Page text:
The solution, he said, was to create micro-climates using specially designed cases for each of the scrolls. The micro-climate generation unit was housed in a back room and cables run under the floating floor up to the cases.

Another issue was that even with lighting controls, the pieces of parchment are only allowed to be exposed to light for three months at a time every two years. So the scrolls had to be rotated in and out halfway through the six-month exhibition.

“For the run of the show, I had to run temperature and humidity control charts and email them to the Israel Antiquity Authority so that they were confident that we were meeting our technical contractual agreements for the environmental controls,” he said. “Because without that, they wouldn’t let the pieces be brought out of the vault and put on the floor of the exhibition.”

Replacing the roof on a heritage-designated building

The east wing of the ROM, built in 1931, has a copper roof that runs north-south and on the rotunda. As McCrady recalled, they began to notice leaks into the galleries under the roof. The cause was primarily the deterioration of the structure underlying the copper rather than of the copper itself.

Closing the gallery wasn’t an option. But it was also important that nothing be damaged in the process. After extensive pre-planning, he said, the roof was torn off by hand, down to the base metal sheeting.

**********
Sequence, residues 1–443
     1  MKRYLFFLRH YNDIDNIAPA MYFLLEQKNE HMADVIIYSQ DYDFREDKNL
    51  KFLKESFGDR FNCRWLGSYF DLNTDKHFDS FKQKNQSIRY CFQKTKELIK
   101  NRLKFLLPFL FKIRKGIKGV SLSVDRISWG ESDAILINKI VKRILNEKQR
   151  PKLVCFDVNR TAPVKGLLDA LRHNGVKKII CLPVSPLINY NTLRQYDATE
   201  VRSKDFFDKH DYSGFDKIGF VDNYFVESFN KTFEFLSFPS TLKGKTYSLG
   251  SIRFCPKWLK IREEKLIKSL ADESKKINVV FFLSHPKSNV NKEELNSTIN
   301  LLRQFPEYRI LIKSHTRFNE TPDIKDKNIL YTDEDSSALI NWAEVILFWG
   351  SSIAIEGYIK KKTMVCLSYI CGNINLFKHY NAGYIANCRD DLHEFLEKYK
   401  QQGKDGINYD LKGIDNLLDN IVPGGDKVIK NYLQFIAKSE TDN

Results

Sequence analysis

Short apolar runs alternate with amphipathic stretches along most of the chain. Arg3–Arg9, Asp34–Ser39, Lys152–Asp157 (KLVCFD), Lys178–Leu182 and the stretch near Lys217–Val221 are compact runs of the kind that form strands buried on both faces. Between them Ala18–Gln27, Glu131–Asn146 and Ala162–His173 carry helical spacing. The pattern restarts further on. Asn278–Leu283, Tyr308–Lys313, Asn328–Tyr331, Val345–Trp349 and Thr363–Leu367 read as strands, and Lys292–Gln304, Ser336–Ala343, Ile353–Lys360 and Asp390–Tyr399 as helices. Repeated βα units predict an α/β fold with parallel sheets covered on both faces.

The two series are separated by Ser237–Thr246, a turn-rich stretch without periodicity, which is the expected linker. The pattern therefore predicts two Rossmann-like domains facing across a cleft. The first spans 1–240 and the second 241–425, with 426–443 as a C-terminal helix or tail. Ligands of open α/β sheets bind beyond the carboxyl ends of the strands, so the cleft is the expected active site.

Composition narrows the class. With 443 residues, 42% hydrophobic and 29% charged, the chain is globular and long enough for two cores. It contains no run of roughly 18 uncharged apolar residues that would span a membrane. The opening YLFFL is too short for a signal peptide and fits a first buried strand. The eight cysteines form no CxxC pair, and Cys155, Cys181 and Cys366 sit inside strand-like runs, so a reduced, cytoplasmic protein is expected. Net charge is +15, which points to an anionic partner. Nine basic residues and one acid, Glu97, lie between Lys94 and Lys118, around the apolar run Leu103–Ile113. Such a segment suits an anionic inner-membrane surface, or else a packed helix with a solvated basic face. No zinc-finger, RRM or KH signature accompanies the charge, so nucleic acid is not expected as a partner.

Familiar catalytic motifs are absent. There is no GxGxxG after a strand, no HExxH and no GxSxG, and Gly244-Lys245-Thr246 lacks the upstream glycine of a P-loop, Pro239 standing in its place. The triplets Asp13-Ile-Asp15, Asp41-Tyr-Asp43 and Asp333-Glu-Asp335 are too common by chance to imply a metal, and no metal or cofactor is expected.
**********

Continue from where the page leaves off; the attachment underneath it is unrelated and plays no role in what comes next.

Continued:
“Changing a roof is one thing; changing a heritage roof makes it a bit more difficult,” McCrady said. “We had to have all the copper hand-made and hand-formed, panel by panel; it had to look exactly the same as it did as when we took it off.”

The insulation of the original roof had been almost non-existent (it had an R-Value of four). In replacing the roof, they were able to bring the new roof up to R50, he said.

Five hundred pounds of copper nails and eight tonnes of copper later, the ROM’s east wing had its new copper roof.

“Everybody asks, ‘When (is) it going to turn green again?’” McCrady said. “Well, it’s already started to turn brown, within a year. But it’ll be about 10 to 15 years before it gets back to that classic green look.”

The ROM’s next 100 years

As for the ROM’s next 100 years, McCrady identified deferred maintenance as a continuing challenge. Never mind the 100-year-old building; the museum’s newest building has already required repairs. A roof leak cost $400,000 to fix when the structure was only three years old.

“Nowhere in the specs did it say that raccoons thought that rubber gasket tasted great,” he explained.

Space is also always a concern as the ROM continues to expand its collection. And changing visitor expectations will require such initiatives as efforts to wire the 100-year-old building with Wi-Fi.

“You don’t need to go to the museum to see an ancient piece of work; you can go to the Internet, (but) it’s not quite the same,” McCrady said. “The museum of the future will require a rethink on how to captivate a generation brought up on the immediate information retrieval on the Internet.”

Michelle Ervin is the editor of Canadian Facility Management & Design.

Image: James and Louise Temerty Galleries of the Age of Dinosaurs 1, courtesy of the ROM.